Ending AIDS by 2030 is still possible, says UNAIDS

Tina Gutiérrez
Tina Gutiérrez

Ending AIDS as a public health problem is not only a health issue, but also a political and financial choice, highlights the latest report from the Joint United Nations Program on HIV/AIDS (UNAIDS), released on past July 13.

The document, entitled “The path that puts an end to AIDS”, is the semi-annual follow-up that the organization has carried out for several years, and which in its latest editions has focused on progress towards the goal of eradicating AIDS as a problem of public health by 2030.

In addition, the report not only focuses on the response to HIV, but also highlights its relevance in humanity’s preparation and response to future pandemics and its contribution to the Sustainable Development Goals, the agency said in a press release.

Success stories

According to the report, several countries have already achieved the targets known as “95-95-95.” These include Botswana, Eswatini, Rwanda, the United Republic of Tanzania, and Zimbabwe. These targets refer to 95% of people living with HIV knowing their HIV status, 95% of people diagnosed with HIV receiving life-saving antiretroviral treatment, and 95% of people under treatment have managed to suppress the virus (reduce it to minimum concentrations in the body).

In addition, at least 16 other countries are close to reaching these targets. Eight of them are located in sub-Saharan Africa, a region where approximately 65% ​​of all people living with HIV in the world are concentrated.

The importance of political will

The report underscores the importance of strong political leadership as a key factor in the success of the HIV response. This leadership must be based on data, science and concrete evidence, and address the inequalities that hinder progress. It must also enable communities and civil society organizations to play a vital role in the HIV response, while ensuring sufficient and sustainable funding.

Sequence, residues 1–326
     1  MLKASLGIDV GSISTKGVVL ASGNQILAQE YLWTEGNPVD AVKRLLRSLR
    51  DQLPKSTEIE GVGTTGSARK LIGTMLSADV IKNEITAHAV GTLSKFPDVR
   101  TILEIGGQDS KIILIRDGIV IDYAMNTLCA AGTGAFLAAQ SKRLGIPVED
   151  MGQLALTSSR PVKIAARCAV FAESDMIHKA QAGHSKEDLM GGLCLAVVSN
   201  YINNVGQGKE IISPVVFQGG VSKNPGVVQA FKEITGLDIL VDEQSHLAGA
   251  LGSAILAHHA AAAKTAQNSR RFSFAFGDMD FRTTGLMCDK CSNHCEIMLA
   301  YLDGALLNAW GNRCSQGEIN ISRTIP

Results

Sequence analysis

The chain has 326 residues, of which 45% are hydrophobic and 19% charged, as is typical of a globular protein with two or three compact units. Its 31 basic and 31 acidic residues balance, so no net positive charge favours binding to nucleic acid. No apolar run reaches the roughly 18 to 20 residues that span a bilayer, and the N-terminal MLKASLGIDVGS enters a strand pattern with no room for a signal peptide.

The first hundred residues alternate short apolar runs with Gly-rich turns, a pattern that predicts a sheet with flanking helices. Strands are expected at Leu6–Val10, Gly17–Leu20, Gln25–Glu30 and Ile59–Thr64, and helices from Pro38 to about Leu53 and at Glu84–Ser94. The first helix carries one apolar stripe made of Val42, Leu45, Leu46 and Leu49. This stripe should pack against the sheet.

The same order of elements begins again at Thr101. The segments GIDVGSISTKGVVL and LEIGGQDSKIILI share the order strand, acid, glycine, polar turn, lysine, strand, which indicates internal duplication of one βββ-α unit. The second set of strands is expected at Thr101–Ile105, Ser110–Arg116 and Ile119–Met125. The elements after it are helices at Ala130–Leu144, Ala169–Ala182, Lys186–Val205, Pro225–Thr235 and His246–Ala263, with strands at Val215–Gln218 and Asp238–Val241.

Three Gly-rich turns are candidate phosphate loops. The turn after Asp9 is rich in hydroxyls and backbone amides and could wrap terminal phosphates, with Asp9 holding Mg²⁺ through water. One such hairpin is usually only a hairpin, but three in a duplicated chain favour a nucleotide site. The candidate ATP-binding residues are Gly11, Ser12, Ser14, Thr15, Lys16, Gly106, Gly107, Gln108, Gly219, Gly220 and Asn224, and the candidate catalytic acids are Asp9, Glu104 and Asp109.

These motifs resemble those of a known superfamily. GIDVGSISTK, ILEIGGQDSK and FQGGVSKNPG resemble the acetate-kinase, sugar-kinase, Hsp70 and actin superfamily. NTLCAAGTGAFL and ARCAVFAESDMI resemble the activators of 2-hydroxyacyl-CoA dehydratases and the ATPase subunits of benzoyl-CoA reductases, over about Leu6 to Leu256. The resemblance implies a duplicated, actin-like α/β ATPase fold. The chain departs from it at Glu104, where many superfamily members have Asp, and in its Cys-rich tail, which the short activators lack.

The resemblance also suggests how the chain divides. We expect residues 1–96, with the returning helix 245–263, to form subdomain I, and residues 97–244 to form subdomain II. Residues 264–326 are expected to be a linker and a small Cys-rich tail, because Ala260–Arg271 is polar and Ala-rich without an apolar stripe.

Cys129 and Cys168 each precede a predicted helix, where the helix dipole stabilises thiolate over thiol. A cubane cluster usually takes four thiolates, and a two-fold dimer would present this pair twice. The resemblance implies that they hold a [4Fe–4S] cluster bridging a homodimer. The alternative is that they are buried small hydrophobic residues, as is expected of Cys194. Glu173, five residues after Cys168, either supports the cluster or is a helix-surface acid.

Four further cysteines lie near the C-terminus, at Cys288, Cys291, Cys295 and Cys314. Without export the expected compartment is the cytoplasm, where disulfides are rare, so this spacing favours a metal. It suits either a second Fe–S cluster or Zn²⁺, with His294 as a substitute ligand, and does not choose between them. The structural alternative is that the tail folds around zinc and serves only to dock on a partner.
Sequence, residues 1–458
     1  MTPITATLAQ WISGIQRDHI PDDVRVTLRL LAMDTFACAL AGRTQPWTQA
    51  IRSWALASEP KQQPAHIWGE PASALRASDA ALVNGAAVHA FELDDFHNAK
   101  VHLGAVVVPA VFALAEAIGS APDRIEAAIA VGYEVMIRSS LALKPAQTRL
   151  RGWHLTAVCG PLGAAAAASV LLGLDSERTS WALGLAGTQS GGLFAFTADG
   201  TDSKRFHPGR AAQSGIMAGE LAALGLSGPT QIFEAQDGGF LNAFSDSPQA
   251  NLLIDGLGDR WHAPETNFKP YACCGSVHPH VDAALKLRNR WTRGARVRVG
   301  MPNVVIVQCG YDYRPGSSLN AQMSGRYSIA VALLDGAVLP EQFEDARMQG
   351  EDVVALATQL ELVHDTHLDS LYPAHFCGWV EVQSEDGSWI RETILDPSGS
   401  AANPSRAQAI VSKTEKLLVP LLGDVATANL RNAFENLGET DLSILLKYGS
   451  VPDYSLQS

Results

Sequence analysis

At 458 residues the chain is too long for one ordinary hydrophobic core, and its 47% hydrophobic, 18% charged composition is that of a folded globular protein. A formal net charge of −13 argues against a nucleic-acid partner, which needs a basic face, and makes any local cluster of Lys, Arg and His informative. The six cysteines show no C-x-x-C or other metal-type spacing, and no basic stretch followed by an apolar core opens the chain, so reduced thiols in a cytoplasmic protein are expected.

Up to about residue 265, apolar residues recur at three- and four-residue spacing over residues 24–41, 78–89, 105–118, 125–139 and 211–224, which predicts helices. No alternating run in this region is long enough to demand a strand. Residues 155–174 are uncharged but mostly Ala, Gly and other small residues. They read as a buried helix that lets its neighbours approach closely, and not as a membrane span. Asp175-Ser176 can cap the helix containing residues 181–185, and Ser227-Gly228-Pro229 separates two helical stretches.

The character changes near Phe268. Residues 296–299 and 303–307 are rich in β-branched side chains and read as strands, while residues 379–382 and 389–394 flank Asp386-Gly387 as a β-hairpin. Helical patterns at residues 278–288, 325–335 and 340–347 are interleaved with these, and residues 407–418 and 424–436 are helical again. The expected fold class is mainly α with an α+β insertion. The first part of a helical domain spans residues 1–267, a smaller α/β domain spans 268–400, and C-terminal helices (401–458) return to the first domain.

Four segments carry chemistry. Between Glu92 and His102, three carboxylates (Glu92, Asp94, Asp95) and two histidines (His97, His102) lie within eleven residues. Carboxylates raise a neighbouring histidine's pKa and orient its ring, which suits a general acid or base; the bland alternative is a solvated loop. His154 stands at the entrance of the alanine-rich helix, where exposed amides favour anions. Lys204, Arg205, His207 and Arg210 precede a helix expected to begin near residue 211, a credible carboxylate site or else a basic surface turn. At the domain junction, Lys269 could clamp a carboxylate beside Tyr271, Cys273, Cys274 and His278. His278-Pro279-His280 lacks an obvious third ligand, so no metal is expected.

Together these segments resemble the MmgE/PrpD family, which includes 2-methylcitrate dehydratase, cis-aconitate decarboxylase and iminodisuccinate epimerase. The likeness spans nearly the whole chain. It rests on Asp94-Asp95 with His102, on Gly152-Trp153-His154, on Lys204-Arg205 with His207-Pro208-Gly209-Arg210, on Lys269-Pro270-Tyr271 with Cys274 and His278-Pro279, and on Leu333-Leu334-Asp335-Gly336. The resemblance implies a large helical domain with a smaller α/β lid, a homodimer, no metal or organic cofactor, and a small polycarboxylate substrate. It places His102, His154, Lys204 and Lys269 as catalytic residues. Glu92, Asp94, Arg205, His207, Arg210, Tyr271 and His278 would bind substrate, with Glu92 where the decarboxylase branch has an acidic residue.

The report highlights the importance of guaranteeing legal and political frameworks that protect and enable human rights. Several countries removed harmful laws in 2022 and 2023, including five nations that decriminalized same-sex sexual relations.

The fundamental role of financing

UNAIDS also notes that progress has been most evident in those countries and regions that have made significant financial investments, such as Eastern and Southern Africa, where new HIV infections have fallen by 57% since 2010.

Among the achievements highlighted in the report is support for and investment in ending AIDS among children. Thanks to these efforts, 82% of pregnant and lactating women living with HIV globally gained access to antiretroviral treatment by 2022, up from 46% in 2010. This resulted in a 58% reduction in new HIV infections. HIV in children between 2010 and 2022, reaching the lowest level since the 1980s.

However, the document warns that achieving the end of AIDS will require more efforts, since during 2022 one person died every minute due to this syndrome. In addition, approximately 9.2 million people still do not have access to treatment, including 660,000 children living with HIV.

Notably, funding to respond to HIV decreased in 2022, both from international and domestic sources, returning to the same level as in 2013. In total, $20.8 billion was allocated in 2022, well below the $29.3 billion needed by 2025.

Ending inequalities, a necessary step

Women and girls remain the groups most affected by HIV, especially in sub-Saharan Africa, where 4,000 young men and girls contracted the virus every week in 2022. Furthermore, only 42% of districts with high HIV incidence in this region are currently covered by specific HIV prevention programs for adolescent girls and young women.

Globally, almost a quarter (23%) of new HIV infections occurred in Asia and the Pacific, where infection rates are rising alarmingly in some countries. The same is true in Eastern Europe and Central Asia, up 49% since 2010, and in the Middle East and North Africa, up 61% over the same period.

These trends are largely attributed to the lack of HIV prevention services for key and marginalized population groups, as well as barriers imposed by punitive laws and societal discrimination.

The report concludes with a message of hope, highlighting the opportunity for success that still exists by increasing political will and investing in a sustainable, evidence-based response to HIV, gender equality and community empowerment.

Remember that at AHF Latin America and the Caribbean we work every day to bring HIV services to as many people as possible. If you want to get a free HIV test or need to get condoms, we have them here at no cost to you. Locate our offices in your country and make an appointment now.